Featured Image Credit: Aquarium Conservation Partnership
Each year, approximately 8.8 million tons of plastic enters the ocean worldwide. It can be equated to a dump truck’s worth (14 tons) of plastic a day, or about 200 pounds per person per year in the United States alone. If nothing about this changes by the year 2025, those amounts are expected to double.
But you might know all of that, already.
Now, there’s a group taking a huge step with a pretty awesome idea of how to put a stop to the growing amount of plastic, before it’s too late.
The Aquarium Conservation Partnership is a group of 19 of the top AZA-accredited public aquariums in the U.S. Their goal is to spread not only further awareness of the sheer amount of plastic engulfing our oceans and threatening the wildlife that lives in them, but also to spark consumer action, and share (as well as create) some success stories.
The major focus for this summer moving forward is the elimination of single-use plastics, with hopes to inspire a “national shift and toward innovative alternatives”. Starting now, all aquariums with an ACP membership will be eliminating plastic straws and single-use plastic bags from all of their shops, and while disposable plastic drinking bottles are on their list, they’re only seeking to reduce or eliminate those in use by December of 2020.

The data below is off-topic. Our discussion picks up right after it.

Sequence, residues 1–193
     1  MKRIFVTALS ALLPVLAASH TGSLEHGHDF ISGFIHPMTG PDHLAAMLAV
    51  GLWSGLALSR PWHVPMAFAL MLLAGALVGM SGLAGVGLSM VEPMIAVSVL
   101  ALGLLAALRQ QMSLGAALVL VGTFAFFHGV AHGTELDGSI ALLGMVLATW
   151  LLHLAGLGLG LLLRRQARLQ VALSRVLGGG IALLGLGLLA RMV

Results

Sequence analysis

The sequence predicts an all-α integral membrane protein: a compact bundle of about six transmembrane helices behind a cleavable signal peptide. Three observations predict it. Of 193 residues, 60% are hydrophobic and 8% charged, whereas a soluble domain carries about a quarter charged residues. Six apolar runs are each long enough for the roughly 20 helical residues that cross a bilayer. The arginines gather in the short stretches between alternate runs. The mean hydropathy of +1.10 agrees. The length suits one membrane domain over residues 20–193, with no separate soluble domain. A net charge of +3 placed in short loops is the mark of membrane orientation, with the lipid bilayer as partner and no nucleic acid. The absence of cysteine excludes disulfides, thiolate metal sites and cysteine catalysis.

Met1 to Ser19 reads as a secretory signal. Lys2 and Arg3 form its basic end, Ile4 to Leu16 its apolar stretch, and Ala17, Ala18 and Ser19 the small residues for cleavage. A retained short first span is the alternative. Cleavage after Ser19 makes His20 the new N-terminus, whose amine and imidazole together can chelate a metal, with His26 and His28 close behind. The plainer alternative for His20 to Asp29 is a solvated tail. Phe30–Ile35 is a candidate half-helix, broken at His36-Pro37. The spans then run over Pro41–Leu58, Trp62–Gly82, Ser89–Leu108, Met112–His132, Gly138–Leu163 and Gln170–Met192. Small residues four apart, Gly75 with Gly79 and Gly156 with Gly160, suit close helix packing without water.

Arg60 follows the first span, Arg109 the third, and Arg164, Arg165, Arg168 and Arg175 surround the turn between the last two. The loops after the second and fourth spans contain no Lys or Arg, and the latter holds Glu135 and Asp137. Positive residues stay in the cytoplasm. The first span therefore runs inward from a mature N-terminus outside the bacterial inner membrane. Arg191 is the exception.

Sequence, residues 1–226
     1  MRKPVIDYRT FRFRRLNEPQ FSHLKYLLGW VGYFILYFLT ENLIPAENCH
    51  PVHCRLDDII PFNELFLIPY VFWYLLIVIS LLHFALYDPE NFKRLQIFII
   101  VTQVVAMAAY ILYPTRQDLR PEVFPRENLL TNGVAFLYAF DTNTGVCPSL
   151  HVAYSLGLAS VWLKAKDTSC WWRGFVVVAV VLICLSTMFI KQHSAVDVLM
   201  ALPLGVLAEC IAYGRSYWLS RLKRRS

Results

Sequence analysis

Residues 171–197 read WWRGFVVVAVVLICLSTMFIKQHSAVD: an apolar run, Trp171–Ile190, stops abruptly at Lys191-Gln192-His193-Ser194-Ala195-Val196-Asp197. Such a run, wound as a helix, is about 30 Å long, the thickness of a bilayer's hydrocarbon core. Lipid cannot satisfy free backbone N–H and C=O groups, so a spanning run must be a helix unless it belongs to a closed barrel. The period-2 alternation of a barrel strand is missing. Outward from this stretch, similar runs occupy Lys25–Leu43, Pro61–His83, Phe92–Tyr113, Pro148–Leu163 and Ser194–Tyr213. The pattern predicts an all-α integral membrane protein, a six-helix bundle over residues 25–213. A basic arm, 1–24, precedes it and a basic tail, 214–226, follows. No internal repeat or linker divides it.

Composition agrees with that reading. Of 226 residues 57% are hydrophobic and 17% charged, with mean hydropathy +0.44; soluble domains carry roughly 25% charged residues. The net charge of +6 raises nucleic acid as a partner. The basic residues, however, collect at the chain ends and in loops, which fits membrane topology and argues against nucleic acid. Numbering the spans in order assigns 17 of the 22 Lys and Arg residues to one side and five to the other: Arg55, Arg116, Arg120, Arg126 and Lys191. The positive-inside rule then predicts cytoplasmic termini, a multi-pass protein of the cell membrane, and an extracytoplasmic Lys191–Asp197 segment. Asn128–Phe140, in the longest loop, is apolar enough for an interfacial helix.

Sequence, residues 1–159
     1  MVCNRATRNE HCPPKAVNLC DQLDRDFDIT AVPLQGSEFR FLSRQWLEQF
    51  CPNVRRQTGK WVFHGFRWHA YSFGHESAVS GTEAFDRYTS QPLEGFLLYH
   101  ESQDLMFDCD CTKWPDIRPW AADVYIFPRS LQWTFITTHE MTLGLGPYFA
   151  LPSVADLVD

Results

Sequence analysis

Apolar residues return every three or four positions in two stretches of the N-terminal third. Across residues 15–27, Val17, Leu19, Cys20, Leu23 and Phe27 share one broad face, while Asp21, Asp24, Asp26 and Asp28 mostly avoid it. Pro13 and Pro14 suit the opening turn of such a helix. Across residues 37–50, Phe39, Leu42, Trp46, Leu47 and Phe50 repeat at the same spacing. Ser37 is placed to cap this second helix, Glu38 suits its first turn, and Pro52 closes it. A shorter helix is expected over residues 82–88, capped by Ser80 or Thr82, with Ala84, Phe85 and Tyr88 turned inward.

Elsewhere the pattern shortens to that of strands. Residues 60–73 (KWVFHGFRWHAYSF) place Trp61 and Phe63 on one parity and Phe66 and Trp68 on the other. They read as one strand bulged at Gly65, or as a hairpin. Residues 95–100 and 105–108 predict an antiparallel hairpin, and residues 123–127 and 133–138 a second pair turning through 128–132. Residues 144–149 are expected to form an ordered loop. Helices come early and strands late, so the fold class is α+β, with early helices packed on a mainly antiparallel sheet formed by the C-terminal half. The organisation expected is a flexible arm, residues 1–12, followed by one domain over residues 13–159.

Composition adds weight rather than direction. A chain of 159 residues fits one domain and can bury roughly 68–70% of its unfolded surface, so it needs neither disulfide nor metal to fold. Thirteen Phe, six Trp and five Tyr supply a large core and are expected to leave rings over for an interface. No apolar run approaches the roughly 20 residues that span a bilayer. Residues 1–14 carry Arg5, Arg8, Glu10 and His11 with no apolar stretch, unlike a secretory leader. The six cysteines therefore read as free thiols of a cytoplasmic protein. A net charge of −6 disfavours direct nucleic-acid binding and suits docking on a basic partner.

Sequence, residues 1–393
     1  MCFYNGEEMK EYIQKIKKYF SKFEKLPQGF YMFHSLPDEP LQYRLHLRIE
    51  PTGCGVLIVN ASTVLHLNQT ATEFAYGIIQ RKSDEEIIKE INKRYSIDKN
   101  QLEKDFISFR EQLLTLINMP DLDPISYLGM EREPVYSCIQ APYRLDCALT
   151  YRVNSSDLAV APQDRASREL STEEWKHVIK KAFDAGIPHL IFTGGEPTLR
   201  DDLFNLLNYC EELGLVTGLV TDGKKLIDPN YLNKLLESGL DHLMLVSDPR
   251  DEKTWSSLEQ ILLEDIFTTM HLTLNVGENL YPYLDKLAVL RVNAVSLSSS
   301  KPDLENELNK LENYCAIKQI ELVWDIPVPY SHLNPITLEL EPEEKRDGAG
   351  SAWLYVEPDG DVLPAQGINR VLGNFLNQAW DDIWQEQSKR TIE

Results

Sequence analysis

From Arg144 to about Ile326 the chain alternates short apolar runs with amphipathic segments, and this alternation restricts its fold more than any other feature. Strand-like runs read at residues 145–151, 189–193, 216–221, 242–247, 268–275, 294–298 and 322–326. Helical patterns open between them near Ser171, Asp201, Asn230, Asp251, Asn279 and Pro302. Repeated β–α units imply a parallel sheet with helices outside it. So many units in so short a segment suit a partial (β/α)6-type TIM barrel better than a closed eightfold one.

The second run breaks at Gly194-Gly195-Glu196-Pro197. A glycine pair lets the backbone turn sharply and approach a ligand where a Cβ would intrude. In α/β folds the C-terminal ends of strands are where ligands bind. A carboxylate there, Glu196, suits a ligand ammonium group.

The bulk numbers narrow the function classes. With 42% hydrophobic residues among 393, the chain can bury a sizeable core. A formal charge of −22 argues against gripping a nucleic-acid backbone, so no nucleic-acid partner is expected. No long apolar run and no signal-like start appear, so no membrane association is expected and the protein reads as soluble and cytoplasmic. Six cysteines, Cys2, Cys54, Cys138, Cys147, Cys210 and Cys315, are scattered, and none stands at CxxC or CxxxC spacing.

The aquariums you can expect to see less plastic usage from are below:
- Aquarium of the Pacific in Long Beach
- California Academy of Sciences/Steinhart Aquarium in San Francisco
- Monterey Bay Aquarium
- Mystic Aquarium in Connecticut
- Florida Aquarium in Tampa
- Shedd Aquarium in Chicago
- Newport Aquarium in Kentucky
- Audubon Nature Institute/Aquarium of the Americas in New Orleans
- National Aquarium
- New England Aquarium in Boston
- Henry Doorly Zoo and Aquarium in Nebraska
- Wildlife Conservation Society/New York Aquarium in New York City
- North Carolina Aquariums
- South Carolina Aquarium in Charleston
- Tennessee Aquarium in Chattanooga
- Texas State Aquarium in Corpus Christi
- Virginia Aquarium in Virginia Beach
- Point Defiance Zoo and Aquarium in Tacoma
- Seattle Aquarium
You may be hearing more about this issue from each of these aquariums, as the ACP is expected to speak out from their communities to the national level to reduce plastic pollution not only in our oceans, but also in lakes and rivers.
“By using our voice with visitors our and in our communities, our collective buying power and our relationships with our vendors, we can make a big difference on a pressing issue that threatens the health of wildlife in the ocean, lakes, and rivers,” said Margo McKnight, senior vice president of conservation, research & husbandry from The Florida Aquarium.
In addition to what these aquariums are doing currently, they have also done plenty in the past to help save aquatic environments from further pollution; such as clean-up events, education programs, and many successful endeavors to stop the use of plastic shopping bags and plastic micro-beads in personal care products.
“The solution to plastic pollution is in our hands,” McKnight also shared, and the ability to aid the reduction of plastic use and set an example doesn’t only ring true for large aquariums— but for everyone.